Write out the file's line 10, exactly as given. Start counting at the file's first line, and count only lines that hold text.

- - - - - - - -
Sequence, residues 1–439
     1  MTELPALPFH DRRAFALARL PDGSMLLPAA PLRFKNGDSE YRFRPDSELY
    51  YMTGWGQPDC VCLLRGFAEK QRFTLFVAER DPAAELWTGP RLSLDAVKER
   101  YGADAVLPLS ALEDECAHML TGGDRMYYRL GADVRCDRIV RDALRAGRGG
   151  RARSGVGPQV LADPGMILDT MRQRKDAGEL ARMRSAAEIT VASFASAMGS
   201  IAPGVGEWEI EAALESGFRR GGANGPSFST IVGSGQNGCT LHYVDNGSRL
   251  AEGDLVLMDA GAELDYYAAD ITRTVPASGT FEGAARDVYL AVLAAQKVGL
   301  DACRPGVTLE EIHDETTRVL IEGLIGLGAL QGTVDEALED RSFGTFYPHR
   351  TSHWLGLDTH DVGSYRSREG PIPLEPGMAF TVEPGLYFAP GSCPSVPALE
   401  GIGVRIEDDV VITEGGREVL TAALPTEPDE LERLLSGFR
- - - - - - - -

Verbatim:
   401  GIGVRIEDDV VITEGGREVL TAALPTEPDE LERLLSGFR